High gas prices will shorten, not cancel, summer road trips

High gas prices will shorten, not cancel, summer road trips

June 13 (UPI) — Even though gas prices are eating up close to 10 percent of U.S. incomes, motor club AAA said Wednesday travel plans may be scaled back, but not canceled.

“Motorists can expect to spend at least $250 more on gas this season, but that won’t stop them from traveling,” AAA spokeswoman Jeanette Casselano said in a statement.

The retail price for a gallon of gasoline is 58 cents higher than it was on this date last year, but has been moving slightly lower as the price of oil moves away from a yearly high above $80 per barrel. AAA lists a national average price of $2.91 for a gallon of regular unleaded. Casselano said it would take a national average price of $3.50 for most people to change summer travel plans significantly.

The type of gasoline made by U.S. refiners in the summer is more expensive to make because of the additional steps necessary to prevent harmful organic compounds from getting into the atmosphere during warmer weather.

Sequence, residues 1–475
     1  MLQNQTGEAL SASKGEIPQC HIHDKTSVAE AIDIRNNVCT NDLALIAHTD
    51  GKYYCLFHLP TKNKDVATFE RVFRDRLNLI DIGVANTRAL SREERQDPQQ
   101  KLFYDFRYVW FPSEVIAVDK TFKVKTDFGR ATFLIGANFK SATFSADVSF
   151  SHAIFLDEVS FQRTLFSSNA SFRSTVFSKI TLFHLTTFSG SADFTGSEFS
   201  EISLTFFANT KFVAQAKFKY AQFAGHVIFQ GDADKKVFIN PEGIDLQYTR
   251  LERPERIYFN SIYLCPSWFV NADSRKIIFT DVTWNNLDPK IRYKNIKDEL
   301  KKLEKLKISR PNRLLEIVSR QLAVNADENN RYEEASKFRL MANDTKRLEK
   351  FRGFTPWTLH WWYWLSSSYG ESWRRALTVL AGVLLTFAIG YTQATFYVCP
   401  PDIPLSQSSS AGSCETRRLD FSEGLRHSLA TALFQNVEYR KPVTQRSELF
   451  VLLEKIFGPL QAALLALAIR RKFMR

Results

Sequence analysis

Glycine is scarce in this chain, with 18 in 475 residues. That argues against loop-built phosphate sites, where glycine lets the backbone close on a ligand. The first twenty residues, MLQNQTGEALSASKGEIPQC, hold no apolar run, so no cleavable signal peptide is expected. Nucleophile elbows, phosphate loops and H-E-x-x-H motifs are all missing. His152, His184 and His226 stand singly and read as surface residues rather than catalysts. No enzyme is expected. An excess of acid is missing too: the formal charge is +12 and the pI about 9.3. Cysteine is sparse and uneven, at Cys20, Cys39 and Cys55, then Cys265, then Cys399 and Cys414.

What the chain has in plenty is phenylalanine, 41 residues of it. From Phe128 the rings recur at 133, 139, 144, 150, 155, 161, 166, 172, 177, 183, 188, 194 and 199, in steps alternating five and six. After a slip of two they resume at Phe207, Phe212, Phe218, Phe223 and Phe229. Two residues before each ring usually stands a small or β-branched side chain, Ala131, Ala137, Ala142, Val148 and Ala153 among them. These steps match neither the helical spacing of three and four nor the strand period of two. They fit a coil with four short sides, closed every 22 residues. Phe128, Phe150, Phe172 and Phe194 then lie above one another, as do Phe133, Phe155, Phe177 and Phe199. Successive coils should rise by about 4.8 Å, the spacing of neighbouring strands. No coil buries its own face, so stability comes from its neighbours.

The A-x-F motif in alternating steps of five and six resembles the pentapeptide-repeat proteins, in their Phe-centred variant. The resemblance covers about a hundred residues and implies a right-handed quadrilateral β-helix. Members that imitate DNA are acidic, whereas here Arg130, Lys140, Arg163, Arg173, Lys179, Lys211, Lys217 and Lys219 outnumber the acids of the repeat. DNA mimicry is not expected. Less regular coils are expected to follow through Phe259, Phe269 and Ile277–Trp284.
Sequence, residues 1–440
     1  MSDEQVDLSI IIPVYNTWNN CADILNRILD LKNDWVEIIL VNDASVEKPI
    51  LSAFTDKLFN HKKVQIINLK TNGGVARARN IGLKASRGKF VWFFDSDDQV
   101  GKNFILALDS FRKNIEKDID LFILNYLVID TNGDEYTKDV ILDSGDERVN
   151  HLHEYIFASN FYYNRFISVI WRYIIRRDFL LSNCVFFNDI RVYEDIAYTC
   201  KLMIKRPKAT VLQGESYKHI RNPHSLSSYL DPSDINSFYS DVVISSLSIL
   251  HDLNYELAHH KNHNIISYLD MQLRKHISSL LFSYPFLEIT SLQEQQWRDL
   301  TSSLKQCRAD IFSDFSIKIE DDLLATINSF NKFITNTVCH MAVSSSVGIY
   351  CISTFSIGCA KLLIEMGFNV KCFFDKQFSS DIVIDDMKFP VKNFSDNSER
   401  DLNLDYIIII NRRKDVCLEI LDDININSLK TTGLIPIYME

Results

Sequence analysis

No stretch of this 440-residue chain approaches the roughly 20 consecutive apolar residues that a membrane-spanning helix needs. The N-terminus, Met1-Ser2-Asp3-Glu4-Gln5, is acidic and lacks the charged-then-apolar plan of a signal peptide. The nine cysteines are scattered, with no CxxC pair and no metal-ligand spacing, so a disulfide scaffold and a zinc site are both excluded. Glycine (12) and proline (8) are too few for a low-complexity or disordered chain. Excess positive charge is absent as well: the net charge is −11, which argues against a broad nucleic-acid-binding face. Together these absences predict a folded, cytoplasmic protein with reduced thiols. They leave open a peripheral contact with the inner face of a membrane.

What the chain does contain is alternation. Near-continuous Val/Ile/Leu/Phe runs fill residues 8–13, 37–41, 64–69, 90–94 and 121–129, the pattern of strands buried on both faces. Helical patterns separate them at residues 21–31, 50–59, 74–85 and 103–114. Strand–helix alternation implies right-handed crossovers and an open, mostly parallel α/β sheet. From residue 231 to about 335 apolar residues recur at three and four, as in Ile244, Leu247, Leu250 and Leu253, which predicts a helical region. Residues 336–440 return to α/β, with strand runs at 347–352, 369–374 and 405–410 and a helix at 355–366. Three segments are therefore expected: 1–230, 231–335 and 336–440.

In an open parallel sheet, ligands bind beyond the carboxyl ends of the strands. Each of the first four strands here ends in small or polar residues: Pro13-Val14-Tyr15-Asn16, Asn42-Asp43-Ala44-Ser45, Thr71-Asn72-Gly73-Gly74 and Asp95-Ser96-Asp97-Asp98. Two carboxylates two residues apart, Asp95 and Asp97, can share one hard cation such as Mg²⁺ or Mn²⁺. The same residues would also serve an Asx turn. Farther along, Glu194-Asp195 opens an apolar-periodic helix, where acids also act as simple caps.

“The higher gas prices may just encourage travelers to shorten their driving distance,” Casselano said.

Data released Tuesday by the U.S. Commerce Department show the consumer price index for gasoline is up 21.8 percent from last year. That’s compared with the 2.8 percent increase in the index for all consumer items for the 12 months ending in May, which is slightly more than wage growth.

AAA estimates gas expenses account for about 7 percent of average U.S. incomes, 1.5 percent more than last summer.

Higher crude oil prices caught the attention of U.S. President Donald Trump, who used Twitter in April to complain the market was overheated. Higher oil prices, and the subsequent rise in consumer fuel prices, could be eating into the tax breaks enacted by the Trump administration.

The International Monetary Fund said the global economy is growing, but could be under threat from protectionist trade policies like some of those Trump has endorsed. Wage increases, meanwhile, have been subpar and “many households have seen little or no benefit from growth,” the IMF said.

AAA said the average consumer was paying about $69 more per month on gasoline than they were this time last year.